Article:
Storobia Archive


Telepresence is still a relatively new and evolving field. At its simplest it can mean the basic audio visual teleconference many companies use today. Going forward it could have major uses in fields such as gaming, virtual reality and AI. Ultimately telepresence systems might evolve to use future technology such as holographic generators and even allow for remote manipulation of objects.

What Is Telepresence?

Telepresence is any technology that allows someone to experience and interact with a remote location as if there. The "interaction" element is crucial and is what distinguishes telepresence from simple passive observation.

That definition is extremely broad - even a telephone could be considered a simple form of telepresence. Today the term is almost always used to mean at least simple visual communication. The standard office videoconference is probably the most widely used and known form of telepresence.


The limitations of traditional videoconferencing systems will be known to anyone who's had to endure them. Frequently they involve low quality images and screens that give only a partial idea of what's going on the other end. True interaction is limited to placing a drawing in front of the camera or - if you're lucky - working together on a networked PC whiteboard. Communication exists but any feeling of "presence" is minimal.

With the rapid rise of dedicated high-speed communications the opportunity has opened up for telepresence systems to go far beyond simple video-conferencing. Companies such as Cisco and Digital Video Enterprises (DVE) are producing systems that are designed to overcome the limitations of standard video-conferencing by using large screens and surround sound. These technologies allow participants to experience a more immersive meeting and actually feel that they can perform basic social interaction functions such as making eye contact.


The potential applications of telepresence systems to virtual reality gaming are obvious. Current systems such as Second Life do a good job of simulating a virtual environment, however the immersive experience is still hampered by the use of screen, mouse and keyboard. Over the years some people have tried to introduce VR helmets, gloves etc but these have tended to be clunky and expensive to buy. If the telepesence systems currently being developed for the business world move down into the mass market and become affordable we could see a whole new level of virtual reality. If that happens then the limiting factor is likely to be the quality of the AI which will need to simulate the effects of arritary interaction with the environment and rapidly give the user multi-sensory feedback.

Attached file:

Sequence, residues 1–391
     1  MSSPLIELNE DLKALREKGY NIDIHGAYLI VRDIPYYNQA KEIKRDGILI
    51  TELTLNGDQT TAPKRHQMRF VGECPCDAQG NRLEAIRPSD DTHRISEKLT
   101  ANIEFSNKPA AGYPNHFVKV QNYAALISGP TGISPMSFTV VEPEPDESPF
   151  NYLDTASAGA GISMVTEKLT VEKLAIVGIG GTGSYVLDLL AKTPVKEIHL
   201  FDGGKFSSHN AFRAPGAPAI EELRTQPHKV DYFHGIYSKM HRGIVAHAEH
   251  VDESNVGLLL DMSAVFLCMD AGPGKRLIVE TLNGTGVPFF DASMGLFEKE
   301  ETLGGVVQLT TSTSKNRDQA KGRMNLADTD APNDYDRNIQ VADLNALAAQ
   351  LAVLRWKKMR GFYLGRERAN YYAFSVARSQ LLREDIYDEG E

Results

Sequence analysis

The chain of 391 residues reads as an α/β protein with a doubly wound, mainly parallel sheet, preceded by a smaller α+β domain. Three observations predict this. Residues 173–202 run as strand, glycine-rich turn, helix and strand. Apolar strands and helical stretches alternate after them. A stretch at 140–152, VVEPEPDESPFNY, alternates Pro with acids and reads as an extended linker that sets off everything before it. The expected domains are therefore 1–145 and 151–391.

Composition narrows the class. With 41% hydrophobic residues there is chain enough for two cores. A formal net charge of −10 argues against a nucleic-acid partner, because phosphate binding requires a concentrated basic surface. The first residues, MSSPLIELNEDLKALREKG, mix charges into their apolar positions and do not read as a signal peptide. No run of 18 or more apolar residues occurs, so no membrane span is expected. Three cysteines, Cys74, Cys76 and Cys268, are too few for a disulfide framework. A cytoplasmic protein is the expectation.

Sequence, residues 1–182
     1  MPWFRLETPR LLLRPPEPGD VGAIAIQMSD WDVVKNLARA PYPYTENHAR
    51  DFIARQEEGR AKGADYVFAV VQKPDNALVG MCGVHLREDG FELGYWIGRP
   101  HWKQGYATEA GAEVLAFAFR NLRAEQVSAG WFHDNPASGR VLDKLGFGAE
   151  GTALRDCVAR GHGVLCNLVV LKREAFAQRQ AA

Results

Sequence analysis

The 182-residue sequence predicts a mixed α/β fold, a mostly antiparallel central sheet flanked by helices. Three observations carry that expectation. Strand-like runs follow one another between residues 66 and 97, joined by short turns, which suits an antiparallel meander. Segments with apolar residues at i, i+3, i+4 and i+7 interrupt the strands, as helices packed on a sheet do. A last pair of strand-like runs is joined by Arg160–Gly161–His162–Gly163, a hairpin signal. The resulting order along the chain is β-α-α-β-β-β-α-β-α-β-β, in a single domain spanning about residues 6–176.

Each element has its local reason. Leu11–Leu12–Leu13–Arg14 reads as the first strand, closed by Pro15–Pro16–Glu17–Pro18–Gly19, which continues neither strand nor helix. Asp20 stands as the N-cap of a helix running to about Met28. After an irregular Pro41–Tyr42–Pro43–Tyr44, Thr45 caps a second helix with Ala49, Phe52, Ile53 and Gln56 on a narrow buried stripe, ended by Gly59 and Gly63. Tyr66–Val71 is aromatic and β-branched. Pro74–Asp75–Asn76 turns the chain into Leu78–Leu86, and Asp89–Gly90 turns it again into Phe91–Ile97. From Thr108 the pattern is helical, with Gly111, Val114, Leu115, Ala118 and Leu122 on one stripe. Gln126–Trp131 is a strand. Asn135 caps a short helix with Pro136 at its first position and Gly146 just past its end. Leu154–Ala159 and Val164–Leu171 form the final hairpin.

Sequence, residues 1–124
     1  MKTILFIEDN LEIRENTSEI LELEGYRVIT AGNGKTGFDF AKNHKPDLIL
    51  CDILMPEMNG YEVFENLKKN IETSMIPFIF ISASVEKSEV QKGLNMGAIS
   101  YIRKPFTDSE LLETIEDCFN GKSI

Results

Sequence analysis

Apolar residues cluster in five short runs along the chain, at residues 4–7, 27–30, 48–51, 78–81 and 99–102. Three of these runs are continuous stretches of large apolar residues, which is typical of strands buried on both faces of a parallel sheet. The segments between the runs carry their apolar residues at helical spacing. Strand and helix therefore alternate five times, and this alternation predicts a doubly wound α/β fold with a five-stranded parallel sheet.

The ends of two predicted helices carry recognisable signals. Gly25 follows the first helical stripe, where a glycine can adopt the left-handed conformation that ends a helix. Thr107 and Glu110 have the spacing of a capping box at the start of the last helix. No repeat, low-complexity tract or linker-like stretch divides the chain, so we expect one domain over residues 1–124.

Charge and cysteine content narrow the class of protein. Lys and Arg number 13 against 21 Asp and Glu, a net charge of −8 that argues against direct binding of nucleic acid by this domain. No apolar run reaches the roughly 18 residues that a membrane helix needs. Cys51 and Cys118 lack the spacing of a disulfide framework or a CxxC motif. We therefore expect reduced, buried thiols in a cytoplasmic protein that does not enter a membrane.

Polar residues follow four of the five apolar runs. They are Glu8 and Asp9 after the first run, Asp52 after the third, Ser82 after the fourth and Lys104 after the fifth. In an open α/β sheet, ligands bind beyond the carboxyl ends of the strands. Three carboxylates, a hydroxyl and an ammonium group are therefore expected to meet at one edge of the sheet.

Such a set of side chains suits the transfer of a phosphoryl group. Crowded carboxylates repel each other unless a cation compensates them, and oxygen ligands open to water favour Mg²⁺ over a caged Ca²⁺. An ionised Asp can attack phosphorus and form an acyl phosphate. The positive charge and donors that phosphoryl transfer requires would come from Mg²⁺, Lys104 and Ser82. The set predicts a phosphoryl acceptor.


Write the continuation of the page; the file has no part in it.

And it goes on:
Hazardous Work

Telepresence can be - literally - a life saver when it comes to working in hazardous environments. If the human controller can avoid exposure to the hazard but instead observe and direct operations remotely then this is clearly beneficial. We already have some applications of this such as remotely controlled bomb disposal and pipeline checking robots. Obviously in these cases it's essential that control and feedback mechanisms be fast, reliable and accurate.

The flip side of this is when the operator is not at hazard but the environment is - medicine. Many operations are already carried out with the help of remotely operated cameras and tools however today the surgeon normally has to be in the same room. If telepresence systems become sufficiently sophisticated then one day we might see teleoperation rooms where specialist surgeons can treat patients from around the world without leaving their office. There is also the potential for doctors to hold telesurgeries to assist local workers in remote areas. Not quite an Emergency Medical Hologram but getting there.

That might sound a bit Star Trek, but then even videophones were considered the stuff of science fiction just a few decades ago.

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